An global team of scientists has found evidence that methane deposits located in the Arctic Ocean, known as "sleeping giants of the carbon cycle", have begun to be released over a large area of the east coast of Siberia - and everything indicates that the world will soon will suffer the consequences of the phenomenon.
The deposits are considered "sleeping giants of the carbon cycle" and could theoretically expedite climate change, given that methane has a warming effect 80 times stronger than carbon dioxide over a 20 year period, The Guardian notes.
Increased levels of the potent greenhouse gas were noticed up to a depth of 350 meters in the Laptev Sea near Russian Federation, provoking concern among researchers that a new climate feedback loop started and it might rapidly speed up the pace of global warming. According to the scientists, their findings are preliminary.
The slopes off which the gases are being released off contain sediments with large amounts of frozen methane deposits. During their next expedition to the North Pole, they hope to analyze the information to predict the quantity of methane release and then publish their findings in a peer-reviewed journal. The US Geological Survey previously listed the instability of Arctic "hydrates" as one of four risky scenarios for sudden climate change.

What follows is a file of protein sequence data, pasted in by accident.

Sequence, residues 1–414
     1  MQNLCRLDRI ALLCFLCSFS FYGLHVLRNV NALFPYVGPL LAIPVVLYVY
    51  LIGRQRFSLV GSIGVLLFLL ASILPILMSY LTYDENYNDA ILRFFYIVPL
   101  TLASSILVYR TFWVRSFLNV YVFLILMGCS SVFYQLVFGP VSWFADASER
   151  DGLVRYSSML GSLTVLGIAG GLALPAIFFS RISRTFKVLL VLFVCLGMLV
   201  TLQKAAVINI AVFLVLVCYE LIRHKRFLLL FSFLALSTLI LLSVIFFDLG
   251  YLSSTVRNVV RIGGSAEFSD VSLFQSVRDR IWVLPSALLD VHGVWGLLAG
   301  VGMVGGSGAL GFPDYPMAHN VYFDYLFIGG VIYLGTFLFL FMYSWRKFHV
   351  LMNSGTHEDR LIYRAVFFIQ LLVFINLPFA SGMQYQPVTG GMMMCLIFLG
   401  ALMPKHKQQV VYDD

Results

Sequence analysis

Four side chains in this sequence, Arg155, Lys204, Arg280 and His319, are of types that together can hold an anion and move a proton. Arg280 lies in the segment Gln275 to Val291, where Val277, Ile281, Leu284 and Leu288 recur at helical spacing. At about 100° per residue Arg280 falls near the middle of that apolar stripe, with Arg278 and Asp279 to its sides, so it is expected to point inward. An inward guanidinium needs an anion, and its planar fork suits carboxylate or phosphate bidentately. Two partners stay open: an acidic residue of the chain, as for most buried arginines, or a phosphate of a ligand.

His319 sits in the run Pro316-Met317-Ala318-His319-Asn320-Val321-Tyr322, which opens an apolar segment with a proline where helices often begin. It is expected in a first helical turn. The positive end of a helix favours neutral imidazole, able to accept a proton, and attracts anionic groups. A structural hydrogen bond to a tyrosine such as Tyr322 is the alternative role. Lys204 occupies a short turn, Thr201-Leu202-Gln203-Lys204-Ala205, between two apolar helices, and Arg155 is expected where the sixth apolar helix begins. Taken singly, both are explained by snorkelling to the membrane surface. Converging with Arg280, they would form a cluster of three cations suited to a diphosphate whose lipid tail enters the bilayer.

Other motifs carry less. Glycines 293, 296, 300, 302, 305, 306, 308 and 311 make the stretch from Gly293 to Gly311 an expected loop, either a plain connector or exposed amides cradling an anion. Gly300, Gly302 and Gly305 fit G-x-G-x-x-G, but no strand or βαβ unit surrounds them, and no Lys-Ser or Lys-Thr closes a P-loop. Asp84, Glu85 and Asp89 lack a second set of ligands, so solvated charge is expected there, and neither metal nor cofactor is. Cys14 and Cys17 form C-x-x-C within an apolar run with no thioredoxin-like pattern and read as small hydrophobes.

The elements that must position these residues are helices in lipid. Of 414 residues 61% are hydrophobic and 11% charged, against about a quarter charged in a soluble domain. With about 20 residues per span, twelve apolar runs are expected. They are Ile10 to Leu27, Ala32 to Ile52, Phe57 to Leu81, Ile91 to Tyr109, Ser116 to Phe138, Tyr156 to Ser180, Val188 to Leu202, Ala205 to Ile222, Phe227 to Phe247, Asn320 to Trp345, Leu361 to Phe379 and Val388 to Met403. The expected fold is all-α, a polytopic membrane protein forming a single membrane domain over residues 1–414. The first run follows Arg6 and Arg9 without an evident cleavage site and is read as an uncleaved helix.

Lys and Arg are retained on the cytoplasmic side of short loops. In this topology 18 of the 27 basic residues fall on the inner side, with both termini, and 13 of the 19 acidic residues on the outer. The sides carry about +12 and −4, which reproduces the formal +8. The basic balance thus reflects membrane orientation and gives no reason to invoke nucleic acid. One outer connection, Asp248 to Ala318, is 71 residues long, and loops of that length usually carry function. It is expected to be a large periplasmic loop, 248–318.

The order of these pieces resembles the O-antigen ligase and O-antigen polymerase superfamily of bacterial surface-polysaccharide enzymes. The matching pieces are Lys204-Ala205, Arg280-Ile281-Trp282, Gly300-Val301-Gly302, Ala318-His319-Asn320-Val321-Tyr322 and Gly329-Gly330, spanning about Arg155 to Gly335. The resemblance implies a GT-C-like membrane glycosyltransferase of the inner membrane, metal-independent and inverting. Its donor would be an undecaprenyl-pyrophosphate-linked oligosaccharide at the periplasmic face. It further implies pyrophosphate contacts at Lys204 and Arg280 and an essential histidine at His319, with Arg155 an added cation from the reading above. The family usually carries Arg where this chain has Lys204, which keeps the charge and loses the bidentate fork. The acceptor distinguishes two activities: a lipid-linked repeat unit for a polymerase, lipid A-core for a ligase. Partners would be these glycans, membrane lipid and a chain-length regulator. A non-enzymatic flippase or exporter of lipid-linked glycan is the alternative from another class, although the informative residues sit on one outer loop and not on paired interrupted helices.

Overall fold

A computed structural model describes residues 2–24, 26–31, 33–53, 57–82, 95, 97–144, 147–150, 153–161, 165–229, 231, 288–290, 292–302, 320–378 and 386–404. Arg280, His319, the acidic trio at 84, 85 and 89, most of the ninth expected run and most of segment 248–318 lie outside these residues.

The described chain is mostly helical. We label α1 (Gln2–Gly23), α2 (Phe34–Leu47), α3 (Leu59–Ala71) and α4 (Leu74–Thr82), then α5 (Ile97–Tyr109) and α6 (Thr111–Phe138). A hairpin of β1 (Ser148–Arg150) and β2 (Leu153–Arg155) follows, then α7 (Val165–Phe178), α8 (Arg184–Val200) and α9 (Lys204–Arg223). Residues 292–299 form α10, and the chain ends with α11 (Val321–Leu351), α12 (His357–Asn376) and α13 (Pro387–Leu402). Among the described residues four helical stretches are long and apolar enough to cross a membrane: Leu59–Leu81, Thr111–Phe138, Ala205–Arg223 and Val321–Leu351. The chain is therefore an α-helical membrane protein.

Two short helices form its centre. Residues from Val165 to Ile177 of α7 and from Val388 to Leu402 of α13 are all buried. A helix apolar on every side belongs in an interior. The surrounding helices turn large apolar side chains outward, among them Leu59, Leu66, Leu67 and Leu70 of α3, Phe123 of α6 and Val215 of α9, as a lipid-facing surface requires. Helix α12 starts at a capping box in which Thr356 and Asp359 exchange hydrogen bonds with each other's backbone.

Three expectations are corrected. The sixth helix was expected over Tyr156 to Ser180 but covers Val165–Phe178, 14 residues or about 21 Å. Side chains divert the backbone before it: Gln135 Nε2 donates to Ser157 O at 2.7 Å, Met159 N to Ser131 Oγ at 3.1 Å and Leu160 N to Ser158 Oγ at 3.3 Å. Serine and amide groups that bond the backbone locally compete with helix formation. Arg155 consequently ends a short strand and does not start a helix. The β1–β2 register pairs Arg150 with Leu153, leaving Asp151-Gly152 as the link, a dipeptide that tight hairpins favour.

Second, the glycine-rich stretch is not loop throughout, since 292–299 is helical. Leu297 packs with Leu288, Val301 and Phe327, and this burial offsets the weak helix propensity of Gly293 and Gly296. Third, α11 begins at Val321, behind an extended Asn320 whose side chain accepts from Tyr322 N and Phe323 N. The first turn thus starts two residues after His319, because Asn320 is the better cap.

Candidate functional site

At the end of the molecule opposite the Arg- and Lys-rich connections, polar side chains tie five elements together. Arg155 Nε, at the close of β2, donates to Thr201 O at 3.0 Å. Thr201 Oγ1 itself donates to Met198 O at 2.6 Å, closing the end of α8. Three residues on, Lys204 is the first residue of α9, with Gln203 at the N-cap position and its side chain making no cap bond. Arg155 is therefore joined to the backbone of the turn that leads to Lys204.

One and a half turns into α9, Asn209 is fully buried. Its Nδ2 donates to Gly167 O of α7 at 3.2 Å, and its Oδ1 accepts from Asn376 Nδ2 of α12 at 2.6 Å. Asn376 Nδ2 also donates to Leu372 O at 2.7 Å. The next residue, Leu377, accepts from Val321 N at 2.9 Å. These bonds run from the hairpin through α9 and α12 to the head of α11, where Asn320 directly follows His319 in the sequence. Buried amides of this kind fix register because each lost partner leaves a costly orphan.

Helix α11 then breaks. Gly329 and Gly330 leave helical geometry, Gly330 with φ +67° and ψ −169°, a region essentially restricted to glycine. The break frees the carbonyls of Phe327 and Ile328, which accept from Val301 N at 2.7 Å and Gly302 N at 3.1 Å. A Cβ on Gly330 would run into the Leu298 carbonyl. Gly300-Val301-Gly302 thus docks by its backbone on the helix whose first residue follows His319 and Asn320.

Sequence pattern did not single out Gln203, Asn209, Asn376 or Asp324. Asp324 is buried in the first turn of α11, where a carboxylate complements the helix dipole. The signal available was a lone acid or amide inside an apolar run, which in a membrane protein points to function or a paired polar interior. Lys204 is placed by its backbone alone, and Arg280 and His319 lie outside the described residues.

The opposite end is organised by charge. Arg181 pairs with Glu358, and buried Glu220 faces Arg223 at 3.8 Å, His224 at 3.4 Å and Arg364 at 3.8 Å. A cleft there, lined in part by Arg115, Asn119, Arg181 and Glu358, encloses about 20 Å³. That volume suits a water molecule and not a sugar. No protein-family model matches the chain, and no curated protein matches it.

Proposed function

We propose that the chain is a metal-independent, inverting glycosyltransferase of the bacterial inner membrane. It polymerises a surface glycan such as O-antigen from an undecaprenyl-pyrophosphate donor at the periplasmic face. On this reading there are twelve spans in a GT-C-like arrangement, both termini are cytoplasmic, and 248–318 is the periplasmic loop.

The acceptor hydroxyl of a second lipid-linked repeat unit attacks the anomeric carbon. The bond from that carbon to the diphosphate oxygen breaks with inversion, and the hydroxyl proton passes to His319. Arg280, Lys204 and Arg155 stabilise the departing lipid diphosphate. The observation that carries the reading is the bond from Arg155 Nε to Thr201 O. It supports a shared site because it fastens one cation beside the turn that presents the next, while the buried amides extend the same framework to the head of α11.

At one location on the Laptev Sea slope, scientists found that at a depth of 300 meters, the methane concentrations of up to 1,600 nanomoles per liter -400 times more than predicted concentration when the atmosphere and sea are at balance.
The loss of billions of tons of ice from Earth's frozen spaces is likely to increase global temperatures by an additional 0.4 degrees Celsius, according to research Tuesday highlighting the danger of a "vicious circle" of warming.
The worldwide team on board the Russian research vessel "Academic Kilaidish" said that most of the bubbles now dissolve in the water, but the methane levels at the surface were four to eight times what is normally expected, and this goes to the atmosphere. Either way, "there is unlikely to be any major" climate effect "at this moment", Swedish scientist Örjan Gustafsson, told The Guardian from the research vessel. Most importantly, however, the process that triggered the methane leak has already begun, "said a researcher at Stockholm University".
As part of the International Siberian Shelf Study (ISSS-2020) expedition, the researchers monitored several areas on the Laptev Sea slope and found evidence that the methane is starting to be released. This is a new page. "Potentially they can have serious climate consequences, but we need more study before we can confirm that".
The North Pole is getting warmer nearly three times compared to the global average. The sea ice hit a very low record this October, as unusually warm waters slowed the ice's recovery.
"This follows the Siberian heatwave, with temperatures as high as 38C".